Season Four is set 18 months after Season Three. Jack is now working for Secretary of Defense James Heller after being fired by CTUdue to his heroin addiction. As the day begins, he gets caught up in an elaborate terrorist plot which involves both men and the daughter of Heller, Audrey Raines, who doubles as her father's chief policy assistant and Jack's lover. Jack is reinstated as CTU Director of Field Operations by Erin Driscoll, the Chief Director of CTU and the woman who fired him, who may have realized it was a mistake to remove him in the first place.
Season Five is set 18 months after Season Four.
After the events in Season Four, Counter Terrorist Unit agent Jack Bauer is now working as a day-to-day laborer at an oil refinery under the alias "Frank Flynn" in Mojave, California. Jack is renting a room north of Los Angeles from Diane Huxley, a single mother, and her 15-year-old son Derek.
Season Five is supposed to be a monumental day in Charles Logan's presidency. He is scheduled to sign an anti-terrorism alliance treaty with Russian President Yuri Suvarov at his retreat in Hidden Valley, California. This is believed to be the motive behind most of the day's events, as the Russian-separatist terrorists (presumably Chechen, although this is never stated explicitly) who carry out the day's attacks believe the treaty will increase the suffering of their people.
Season Six is set 20 months after Season Five. Show designers acknowledge that they avoid the use of dates in order to have the show remain in a "perpetual now."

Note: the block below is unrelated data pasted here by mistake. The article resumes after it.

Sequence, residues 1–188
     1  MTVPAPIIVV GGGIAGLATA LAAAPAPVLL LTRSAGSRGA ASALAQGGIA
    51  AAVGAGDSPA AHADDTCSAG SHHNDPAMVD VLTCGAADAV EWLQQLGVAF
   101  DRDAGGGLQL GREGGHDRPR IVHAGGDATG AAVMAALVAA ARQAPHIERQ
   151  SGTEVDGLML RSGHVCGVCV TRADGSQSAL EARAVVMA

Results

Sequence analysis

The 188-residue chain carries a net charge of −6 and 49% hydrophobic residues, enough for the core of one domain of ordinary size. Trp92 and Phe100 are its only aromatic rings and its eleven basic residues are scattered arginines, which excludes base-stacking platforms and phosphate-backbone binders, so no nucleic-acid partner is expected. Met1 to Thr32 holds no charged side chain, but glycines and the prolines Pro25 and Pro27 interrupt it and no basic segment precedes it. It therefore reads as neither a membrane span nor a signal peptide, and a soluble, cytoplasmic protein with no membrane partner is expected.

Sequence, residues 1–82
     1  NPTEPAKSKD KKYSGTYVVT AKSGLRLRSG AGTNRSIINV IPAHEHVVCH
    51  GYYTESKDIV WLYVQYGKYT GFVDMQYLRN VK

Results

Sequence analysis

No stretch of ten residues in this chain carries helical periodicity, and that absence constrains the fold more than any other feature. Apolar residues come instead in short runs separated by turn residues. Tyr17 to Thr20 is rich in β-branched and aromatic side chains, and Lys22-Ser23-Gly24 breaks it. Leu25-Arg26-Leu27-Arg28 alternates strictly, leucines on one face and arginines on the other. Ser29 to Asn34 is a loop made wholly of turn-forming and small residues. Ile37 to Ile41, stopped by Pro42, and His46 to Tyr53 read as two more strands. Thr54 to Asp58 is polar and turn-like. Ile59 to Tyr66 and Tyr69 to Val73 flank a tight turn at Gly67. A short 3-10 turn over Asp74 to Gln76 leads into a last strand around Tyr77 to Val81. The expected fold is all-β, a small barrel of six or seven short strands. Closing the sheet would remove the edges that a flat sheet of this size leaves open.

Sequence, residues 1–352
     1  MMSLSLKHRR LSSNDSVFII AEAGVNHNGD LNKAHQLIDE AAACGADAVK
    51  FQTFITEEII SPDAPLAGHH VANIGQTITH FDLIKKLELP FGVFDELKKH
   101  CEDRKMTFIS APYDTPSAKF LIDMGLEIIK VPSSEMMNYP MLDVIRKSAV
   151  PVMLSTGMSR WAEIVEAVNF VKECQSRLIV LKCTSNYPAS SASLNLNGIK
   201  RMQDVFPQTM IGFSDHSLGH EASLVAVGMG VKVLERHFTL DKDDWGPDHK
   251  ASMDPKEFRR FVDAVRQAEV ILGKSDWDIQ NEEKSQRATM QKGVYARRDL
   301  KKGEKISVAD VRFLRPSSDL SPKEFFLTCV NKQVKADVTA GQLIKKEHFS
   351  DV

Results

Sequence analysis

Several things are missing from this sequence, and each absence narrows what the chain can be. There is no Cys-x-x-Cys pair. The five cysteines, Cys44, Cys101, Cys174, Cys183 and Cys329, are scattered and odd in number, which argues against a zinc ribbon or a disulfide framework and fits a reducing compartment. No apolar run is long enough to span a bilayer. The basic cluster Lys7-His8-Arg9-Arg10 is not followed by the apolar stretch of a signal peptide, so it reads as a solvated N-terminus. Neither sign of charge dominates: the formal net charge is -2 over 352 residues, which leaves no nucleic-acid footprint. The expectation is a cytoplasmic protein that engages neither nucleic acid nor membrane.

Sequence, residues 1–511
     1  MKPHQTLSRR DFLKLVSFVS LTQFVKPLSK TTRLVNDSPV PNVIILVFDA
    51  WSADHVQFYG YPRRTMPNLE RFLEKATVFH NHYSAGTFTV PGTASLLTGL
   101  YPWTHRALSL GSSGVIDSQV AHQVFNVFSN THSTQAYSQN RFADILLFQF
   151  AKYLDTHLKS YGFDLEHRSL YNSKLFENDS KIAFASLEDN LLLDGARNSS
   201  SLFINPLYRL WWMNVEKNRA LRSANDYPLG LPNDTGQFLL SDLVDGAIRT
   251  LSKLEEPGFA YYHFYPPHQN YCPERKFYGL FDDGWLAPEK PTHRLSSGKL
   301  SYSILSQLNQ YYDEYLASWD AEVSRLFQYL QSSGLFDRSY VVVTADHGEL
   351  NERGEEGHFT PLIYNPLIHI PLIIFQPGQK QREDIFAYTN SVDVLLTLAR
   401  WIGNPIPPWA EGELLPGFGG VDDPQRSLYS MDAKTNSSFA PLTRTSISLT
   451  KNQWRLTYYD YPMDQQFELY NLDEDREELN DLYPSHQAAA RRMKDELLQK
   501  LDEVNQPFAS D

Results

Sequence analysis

After the events in Season Five and over the last 11 weeks before Day 6, the United States has been targeted coast-to-coast in a series of suicide bombings. A man named Abu Fayed agrees to give the U.S. the location of Hamri Al-Assad, the supposed terrorist mastermind of these attacks, in exchange for former CTU Agent Jack Bauer with whom he has a personal grudge. As a result, President Wayne Palmer has negotiated the release of Bauer, who was illegally captured by Chinese Government Agents at the end of Day 5, under "high-price" terms.
On they day of the Presidential Inauguration, Jack Bauer finds himself in the midst of a bloody uprising in the small African nation of Sangala. He must risk his life to transport a group or orphans to the American Embassy and sacrifice his own freedom to ensure that they are evacuated out of the country and make it safely to America.
Following up on the harrowing events of the feature-length movie REDEMPTION, 24's full-throttle seventh series once again hurtles viewers back into the breathless pace of the programme proper, with all the fast-paced verve fans have come to expect from FOX's blockbuster action franchise. Federal Agent Jack Bauer (Kiefer Sutherland) returns from working alongside old friend Carl Benton at an underprivileged boys' school in war-ravaged Sangala, Africa, where he was forced to spring back into action after a heinous warlord kidnapped schoolchildren to be recruited as soldiers for a planned coup. Back in the States, Allison Taylor (Cherry Jones) has been inaugurated as the country's first female president, which puts her family in danger. Soon after returning, Jack discovers that the terrorists who have breached the government's computer database infrastructure may be the same ones behind the Sangala incident.
Set in New York City, "Day Eight" unfolds amidst the shadows of the Statue of Liberty and the United Nations as President Allison Taylor (Jones), alongside new chief of staff Rob Weiss (Chris Diamantopoulos), negotiates international security with Omar Hassan (Anil Kapoor), a determined Middle Eastern leader visiting the U.S. on a peacemaking mission. As the new day begins, an upgraded CTU operates under the command of M.B.A.-schooled, razor-sharp head honcho Brian Hastings (Mykelti Williamson), who supervises quirky Chloe O'Brian (Mary Lynn Rajskub), expert data analyst Dana Walsh (Katee Sackhoff) and systems analyst Arlo Glass (John Boyd).